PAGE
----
Fuck Billionaires!

Madeline Link (PACKS) on corporate food systems, streaming services, and our increasingly twisted perceptions of rights vs. privileges.

Madeline Link fronts the Toronto indie rock band PACKS. Earlier this year, for the Talkhouse Reader’s Food Issue — out now digitally and in print — Madeline wrote about the exploitation of labor wrought by corporate food systems and streaming services, and our increasingly twisted perceptions of rights vs. privileges. PACKS’s latest record, Melt the Honey, is out now on Fire Talk. 
— Annie Fell, Editor-in-chief, Talkhouse Music

Your favorite album is a treat. Having it streamable 24/7, a paid utility like gas or water, is a spoil. It spoils us, and not in a cute way. It allows us to consume music insatiably, ravenously, fed by our loving mother’s engorged, algorithmic teat. The illusion of choice intoxicates us. We enter the supermarket thinking, “Tacos tonight, Mediterranean on Wednesday, Asian fusion Thursday.” You find all of the necessary ingredients in the same place as always, all of the produce readily available and uniform. As you eat, you tell the robot music player, “PLAY. MARIACHI. MUSIC,” and some festive taco-eating music instantly blasts out of the tiny, tinny speaker. Life is “good.”

When something seems too good to be true, that’s usually because there’s a psychopath billionaire taking advantage of — sometimes even creating — the global chaos to which we have grown so accustomed. The “good” comes and the “good” goes, but the one constant in any billionaire’s philanthropic (money laundering, tax evading) venture, is the desire for expansion, domination, and of course, more money. There is no CEO leaning on his strained standing desk asking, “OK, now how can we maintain our current profit margin?” 


When I look up “music industry” on Google, the first photo is Taylor Swift with a big purple jacket and a microphone. (The same Taylor Swift who just won her fourth Grammy for album of the year, feigning surprise and humility as she snatched the statuette from Celine Dion’s iconic hands without so much as a glance in her direction.) When I look up “food systems” on Google, I see two pie-chart-like graphics with numbers and words like “production,” “consumption,” and “marketing.” No heroic stock photos of farmers, chefs, or happy families eating, as I had expected. I start to imagine Taylor Swift not as being an actual person, but a pie chart. A process to be analyzed and maximized. A money laundering system for The Industry. Then I think about Steve Lacy smashing a fan’s disposable camera on stage and smile.


“I think it’s the second phase of colonization,” fellow of the African Food Fellowship, Celestine Otieno aptly notes. She’s talking about AGRA, Bill Gates’ philanthropic farming venture, which approaches African farmers and offers them irreplaceable technology and patented seeds so that they can “lift themselves and their families out of hunger and poverty.” In a 2021 press release from The Alliance for Food Sovereignty in Africa — which represents more than 200 million farmers, fishers, pastoralists, and indigenous peoples across Africa — they cite researcher Timothy A. Wise:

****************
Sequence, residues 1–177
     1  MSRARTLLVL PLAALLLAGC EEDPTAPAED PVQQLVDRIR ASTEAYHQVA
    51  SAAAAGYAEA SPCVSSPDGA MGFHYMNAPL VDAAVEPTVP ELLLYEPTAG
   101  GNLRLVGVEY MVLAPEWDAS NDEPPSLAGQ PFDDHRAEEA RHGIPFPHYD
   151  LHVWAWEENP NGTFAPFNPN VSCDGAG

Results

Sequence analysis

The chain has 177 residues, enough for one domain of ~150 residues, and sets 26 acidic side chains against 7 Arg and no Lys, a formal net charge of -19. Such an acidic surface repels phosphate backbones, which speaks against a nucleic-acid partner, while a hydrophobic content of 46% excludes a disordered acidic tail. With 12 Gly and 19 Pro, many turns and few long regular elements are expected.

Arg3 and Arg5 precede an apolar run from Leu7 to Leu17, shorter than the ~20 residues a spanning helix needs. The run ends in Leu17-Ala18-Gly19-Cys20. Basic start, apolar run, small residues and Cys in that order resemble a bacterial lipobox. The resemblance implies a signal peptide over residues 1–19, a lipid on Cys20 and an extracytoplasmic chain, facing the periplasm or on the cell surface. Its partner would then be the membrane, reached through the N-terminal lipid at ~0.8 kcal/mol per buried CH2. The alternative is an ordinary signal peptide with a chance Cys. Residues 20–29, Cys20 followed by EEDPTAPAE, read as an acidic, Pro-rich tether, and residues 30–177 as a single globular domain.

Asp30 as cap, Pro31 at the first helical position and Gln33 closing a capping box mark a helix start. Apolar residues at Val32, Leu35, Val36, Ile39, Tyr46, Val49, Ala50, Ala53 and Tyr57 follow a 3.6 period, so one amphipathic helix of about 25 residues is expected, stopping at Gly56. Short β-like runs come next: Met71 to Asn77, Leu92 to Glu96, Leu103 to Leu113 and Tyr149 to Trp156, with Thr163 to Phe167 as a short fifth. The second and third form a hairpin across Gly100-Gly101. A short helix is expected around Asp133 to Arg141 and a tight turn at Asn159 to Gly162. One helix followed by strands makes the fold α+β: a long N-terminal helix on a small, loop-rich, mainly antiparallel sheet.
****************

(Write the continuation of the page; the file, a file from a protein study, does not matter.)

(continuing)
“After 15 years and one billion dollars in outside funding, AGRA has failed to catalyze a productivity revolution in African agriculture. Farmers’ yields have not grown significantly, poverty remains endemic, and the number of chronically hungry people in AGRA’s 13 focus countries increased 30%. It is time for donors to listen to African farmers and community leaders.”


Imagine if a coalition of citizens, laborers, businesses, and spiritual representatives could determine how allocated funds would be used to design and implicate a system that would actually work for their specific community. That’s what happened in Belo Horizonte, a Brazilian town where the mayor made access to food a right of citizenship. And not just any food, but locally grown food. If public internet appreciation and exposure weren’t so heavily equated to a musician’s financial security and general well-being, I’m sure we would all be begging Daniel Ek to collapse Spotify and redistribute all of the money to real live musical communities.


I love to draw ludicrously wild conclusions from disparate pieces of information at the best of times, but for so many of humankind’s most contentious issues, I have noticed that the general concluding sentiment for those who care is pretty much the same: Hopeful, because the solution is actually quite simple, but awestruck and somewhat crazed by the deathgrip with which billionaires strangle the life out of our simplest pleasures. 


In a news special on tech and music, Tom Gray, founding member of the band Gomez, concludes, “When we’ve got this thing that we know makes people happy, that we know improves our well being and mental health, we should cherish it. We should protect it. That doesn’t strike me as a crazy idea.” Adriana Aranha, a former manager for community-driven farmer’s markets in Belo Horizonte reflects, with tears in her eyes, “I knew we had so much hunger in the world, but what is so upsetting, what I didn’t know when I started this, is it’s so easy. It’s so easy to end it.” You don’t have to call yourself an activist in your Instagram bio to ask for more from your government. Access to cheap local food should be a human right. Access to digital, streamable music should be a privilege. Let’s not confuse the two.

PACKS is an indie rock band from Toronto led by Madeline Link. Their latest record, Melt the Honey, is out now on Fire Talk.